Each week Taproot brings together the latest on the research, technology, companies and people changing health and healthcare for the better in Edmonton. If you have a suggestion for a future edition of the roundup, send it to hello@taprootedmonton.ca for consideration.

Here are some highlights from this week’s Health Innovation Roundup:


  • Edmonton-based tech company Health Gauge will conduct a study with theInternational Center for Diarrhoeal Disease Research to help reduce pregnancy complications and mortality in rural Bangladesh thanks to a grant from the Bill and Melinda Gates Foundation. The research will look at how affordable wearable technology can help pregnant women with hypertensive conditions get help sooner, leading to better health outcomes.

  • Last week AHIA and Health City hosted an industry breakfast event featuring speakers like Health City CEO Reg Joseph and DIRTT’s Alyssa Lefaivre.
  • Carolyn Kincade, an Osseointegration Technologist at the Institute for Reconstructive Sciences in Medicine, was one of the 2018 NAIT alumni award recipients. Kincade uses a combination of new technologies like 3D printers with traditional oral prosthesis materials to rebuild the smiles of people who have undergone surgeries to remove neck and head tumours.
  • The University of Alberta and Faculty of Medicine and Dentistry will host a Celebration of Life for Dr. Richard Fedorak on Dec. 11 from 4 p.m. to 6 p.m. at the in the Bernard Snell Hall Theatre, Walter C. Mackenzie Health Sciences Building. Fedorak died on November 8 after a battle with cancer.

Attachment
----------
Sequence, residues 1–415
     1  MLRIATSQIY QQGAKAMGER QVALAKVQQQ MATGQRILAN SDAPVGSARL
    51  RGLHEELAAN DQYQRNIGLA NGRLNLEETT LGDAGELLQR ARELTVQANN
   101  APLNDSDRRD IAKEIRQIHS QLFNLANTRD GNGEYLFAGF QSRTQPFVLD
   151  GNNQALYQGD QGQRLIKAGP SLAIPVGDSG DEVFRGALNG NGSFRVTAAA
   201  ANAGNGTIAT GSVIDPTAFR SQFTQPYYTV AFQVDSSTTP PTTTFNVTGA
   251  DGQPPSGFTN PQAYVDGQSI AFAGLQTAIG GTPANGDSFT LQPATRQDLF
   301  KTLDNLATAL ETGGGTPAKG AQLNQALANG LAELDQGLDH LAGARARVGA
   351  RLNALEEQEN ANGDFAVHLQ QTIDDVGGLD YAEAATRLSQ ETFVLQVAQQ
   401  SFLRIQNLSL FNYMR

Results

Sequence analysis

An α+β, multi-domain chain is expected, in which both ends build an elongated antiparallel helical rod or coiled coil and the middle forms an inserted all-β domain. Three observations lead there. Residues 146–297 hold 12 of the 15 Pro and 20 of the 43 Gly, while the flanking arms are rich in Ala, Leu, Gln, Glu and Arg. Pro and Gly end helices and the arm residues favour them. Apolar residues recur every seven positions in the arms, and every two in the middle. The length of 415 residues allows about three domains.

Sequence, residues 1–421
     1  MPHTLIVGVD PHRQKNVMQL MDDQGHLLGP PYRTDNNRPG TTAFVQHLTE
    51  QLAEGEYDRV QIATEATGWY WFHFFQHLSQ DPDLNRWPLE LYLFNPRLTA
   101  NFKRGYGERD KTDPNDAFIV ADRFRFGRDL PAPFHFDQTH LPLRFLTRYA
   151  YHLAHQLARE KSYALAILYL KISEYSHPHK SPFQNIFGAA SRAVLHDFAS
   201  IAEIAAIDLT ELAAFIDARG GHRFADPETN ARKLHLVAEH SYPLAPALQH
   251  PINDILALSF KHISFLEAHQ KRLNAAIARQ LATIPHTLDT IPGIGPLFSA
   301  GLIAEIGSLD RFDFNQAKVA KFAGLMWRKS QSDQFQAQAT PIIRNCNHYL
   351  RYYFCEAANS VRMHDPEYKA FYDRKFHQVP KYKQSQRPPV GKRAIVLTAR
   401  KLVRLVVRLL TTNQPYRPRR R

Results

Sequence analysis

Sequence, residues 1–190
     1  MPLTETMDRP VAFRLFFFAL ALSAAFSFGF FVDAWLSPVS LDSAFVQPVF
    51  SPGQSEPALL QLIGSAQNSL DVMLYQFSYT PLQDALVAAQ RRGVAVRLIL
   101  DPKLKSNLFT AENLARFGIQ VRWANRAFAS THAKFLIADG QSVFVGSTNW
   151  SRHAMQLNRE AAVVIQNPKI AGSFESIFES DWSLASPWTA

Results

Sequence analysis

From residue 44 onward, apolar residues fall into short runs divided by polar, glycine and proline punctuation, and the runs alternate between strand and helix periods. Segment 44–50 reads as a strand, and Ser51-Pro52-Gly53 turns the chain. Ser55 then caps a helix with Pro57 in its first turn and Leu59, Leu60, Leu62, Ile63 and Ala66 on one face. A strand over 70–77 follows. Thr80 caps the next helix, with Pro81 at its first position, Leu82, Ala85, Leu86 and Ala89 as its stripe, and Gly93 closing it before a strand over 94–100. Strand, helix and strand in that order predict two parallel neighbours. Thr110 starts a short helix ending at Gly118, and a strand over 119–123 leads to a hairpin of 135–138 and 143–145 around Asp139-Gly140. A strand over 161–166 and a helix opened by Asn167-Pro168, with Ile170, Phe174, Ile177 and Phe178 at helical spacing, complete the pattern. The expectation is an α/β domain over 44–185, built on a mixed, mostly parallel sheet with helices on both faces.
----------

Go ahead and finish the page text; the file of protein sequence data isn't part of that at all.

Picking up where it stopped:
• The Institute of Health Economics also issued a statement on Dr. Richard Fedorak recognizing his professional contributions.
  • In case you missed it, the federal government has pitched in $2.5 million towards a new artificial intelligence and supercomputing hub, AI-Hub, at the University of Alberta which will connect small businesses, academics and high-performance computers.
  • Local startup Joos, was featured by NAIT’s Tech Life Today. The company was founded when Gabriela Touma teamed up with NAIT culinary arts graduates to create “healthy Kool-aid.” Touma has Hashimoto’s disease, which is an inflammatory autoimmune disease as well as fibromyalgia and found fresh juices helped her symptoms, but she was looking for an easier and tastier alternative.
  • Trioova, a virtual health clinic app, is hiring a web and mobile UI/UX Designer in Edmonton.


The Health Innovation Roundup, sponsored by Health City, is a weekly email newsletter written and published by Taproot Edmonton.

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